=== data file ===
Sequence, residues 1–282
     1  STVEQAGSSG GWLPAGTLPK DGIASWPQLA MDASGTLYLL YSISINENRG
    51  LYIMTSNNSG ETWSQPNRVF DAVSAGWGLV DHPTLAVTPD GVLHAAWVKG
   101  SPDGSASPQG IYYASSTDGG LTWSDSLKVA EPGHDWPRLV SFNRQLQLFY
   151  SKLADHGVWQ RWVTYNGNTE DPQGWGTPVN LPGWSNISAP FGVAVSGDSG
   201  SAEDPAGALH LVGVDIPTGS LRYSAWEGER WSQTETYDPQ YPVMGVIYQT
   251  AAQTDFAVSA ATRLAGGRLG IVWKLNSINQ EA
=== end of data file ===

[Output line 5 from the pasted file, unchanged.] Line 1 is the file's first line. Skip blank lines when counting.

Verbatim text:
   151  SKLADHGVWQ RWVTYNGNTE DPQGWGTPVN LPGWSNISAP FGVAVSGDSG